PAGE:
Identification of design requirements for a high-performance, low-cost, passive prosthetic knee through user analysis and dynamic simulation
Author(s)Narang, Yashraj S. (Yashraj Shyam)
Massachusetts Institute of Technology. Department of Mechanical Engineering.
Amos G. Winter, V.
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In January 2012, a partnership was initiated between the Massachusetts Institute of Technology and Bhagwan Mahaveer Viklang Sahayata Samiti (BMVSS, a.k.a., Jaipur Foot) to design a high-performance, low-cost, passive prosthetic knee for transfemoral amputees in India. The knee was primarily intended to improve the walking gait of amputees relative to existing low-cost devices. This thesis aimed to identify detailed design requirements for the prosthetic knee through user analysis and dynamic simulation. User analysis identified the needs and constraints of numerous stakeholders in the prosthesis development process. Members of the Indian biomechanics, prosthetics, and rehabilitation communities were interviewed to identify general requirements for the design, manufacturing, evaluation, and fitting of a prosthetic knee, and a structured survey of Indian amputees was conducted to quantify the demographics, functional capabilities, and functional needs of future end users. Dynamic simulation identified methods to enable transfemoral amputees to walk with reduced energy expenditure and normative gait kinematics. 2-dimensional inverse dynamics simulations were used to calculate the effects of inertial alterations of a prosthetic leg on the energy expenditure required to walk with normative kinematics. In addition, simulations were performed to compute the effects of inertial alterations on the knee moment required to walk with normative kinematics. Mechanical power analysis, sensitivity analysis, and optimization were used to formulate a passive mechanical model that could accurately reproduce the specified knee moment. The effects of walking cadence on critical results were also examined. Through the identification of user-centered and biomechanical requirements, the thesis provides a blueprint for the mechanism design comprising the next phase of the project.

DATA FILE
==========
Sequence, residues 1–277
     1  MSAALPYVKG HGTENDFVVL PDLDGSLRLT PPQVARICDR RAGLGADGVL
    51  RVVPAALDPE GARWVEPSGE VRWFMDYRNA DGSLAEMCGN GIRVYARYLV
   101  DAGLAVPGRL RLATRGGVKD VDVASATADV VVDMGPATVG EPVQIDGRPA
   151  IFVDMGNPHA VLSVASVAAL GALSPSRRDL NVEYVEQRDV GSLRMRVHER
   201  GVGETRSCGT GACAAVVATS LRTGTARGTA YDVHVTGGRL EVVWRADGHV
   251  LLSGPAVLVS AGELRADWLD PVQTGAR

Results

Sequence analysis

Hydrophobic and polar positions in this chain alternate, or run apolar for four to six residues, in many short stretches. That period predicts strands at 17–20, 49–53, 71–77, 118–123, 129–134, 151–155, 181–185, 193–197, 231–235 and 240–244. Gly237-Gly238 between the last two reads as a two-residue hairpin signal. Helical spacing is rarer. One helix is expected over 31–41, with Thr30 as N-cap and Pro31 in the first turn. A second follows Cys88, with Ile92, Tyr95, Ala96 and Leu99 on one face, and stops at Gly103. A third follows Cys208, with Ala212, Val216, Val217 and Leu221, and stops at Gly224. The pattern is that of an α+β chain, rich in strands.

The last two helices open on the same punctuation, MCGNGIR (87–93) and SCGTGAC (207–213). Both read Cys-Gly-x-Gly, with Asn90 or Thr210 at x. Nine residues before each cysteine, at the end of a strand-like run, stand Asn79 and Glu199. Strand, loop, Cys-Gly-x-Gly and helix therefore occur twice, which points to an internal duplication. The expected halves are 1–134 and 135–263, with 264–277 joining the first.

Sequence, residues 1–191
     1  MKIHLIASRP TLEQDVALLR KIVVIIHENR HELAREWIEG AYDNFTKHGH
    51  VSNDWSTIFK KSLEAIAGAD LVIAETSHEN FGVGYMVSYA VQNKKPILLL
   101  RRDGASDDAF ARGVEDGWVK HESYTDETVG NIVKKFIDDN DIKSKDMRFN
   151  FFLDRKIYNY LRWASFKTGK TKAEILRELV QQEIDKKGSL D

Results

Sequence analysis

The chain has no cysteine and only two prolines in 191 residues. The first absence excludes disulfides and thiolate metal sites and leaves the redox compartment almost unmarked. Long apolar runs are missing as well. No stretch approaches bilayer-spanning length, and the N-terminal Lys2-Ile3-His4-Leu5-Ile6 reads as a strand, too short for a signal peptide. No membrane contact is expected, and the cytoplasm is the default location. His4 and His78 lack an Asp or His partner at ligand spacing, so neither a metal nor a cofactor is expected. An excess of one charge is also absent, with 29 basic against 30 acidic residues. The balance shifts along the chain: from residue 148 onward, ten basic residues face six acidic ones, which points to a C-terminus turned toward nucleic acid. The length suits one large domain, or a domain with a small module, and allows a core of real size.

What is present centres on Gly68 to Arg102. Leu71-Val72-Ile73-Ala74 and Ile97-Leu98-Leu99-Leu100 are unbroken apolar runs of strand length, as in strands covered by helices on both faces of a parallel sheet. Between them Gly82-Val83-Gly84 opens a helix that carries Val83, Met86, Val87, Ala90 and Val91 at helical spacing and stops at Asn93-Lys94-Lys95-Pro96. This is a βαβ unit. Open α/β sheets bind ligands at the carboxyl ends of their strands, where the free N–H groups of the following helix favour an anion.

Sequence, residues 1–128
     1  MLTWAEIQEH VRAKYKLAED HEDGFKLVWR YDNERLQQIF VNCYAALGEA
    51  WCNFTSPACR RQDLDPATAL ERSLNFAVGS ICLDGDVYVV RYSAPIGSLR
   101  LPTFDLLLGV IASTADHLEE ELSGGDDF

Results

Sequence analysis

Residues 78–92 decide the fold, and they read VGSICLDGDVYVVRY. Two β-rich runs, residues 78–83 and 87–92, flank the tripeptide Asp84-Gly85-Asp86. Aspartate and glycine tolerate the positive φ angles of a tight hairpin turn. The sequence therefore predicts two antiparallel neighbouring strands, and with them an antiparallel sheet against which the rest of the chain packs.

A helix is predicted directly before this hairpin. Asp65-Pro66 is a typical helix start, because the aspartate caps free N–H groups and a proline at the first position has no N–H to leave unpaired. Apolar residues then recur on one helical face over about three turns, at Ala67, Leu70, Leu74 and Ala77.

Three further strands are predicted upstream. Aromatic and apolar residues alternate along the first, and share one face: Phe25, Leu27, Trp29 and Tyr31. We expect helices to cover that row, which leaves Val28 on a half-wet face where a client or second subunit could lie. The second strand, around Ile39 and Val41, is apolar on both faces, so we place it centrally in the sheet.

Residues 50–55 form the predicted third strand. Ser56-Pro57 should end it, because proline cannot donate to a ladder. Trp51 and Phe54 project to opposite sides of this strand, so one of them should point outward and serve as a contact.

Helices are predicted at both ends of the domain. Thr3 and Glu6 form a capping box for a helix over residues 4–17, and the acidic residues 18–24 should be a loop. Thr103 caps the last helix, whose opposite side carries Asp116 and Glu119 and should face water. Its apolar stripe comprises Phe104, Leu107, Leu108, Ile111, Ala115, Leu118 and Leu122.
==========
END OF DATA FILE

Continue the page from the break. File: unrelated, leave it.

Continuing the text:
Thesis (S.M.)--Massachusetts Institute of Technology, Dept. of Mechanical Engineering, 2013.Cataloged from PDF version of thesis.Includes bibliographical references.
DepartmentMassachusetts Institute of Technology. Department of Mechanical Engineering.
Massachusetts Institute of Technology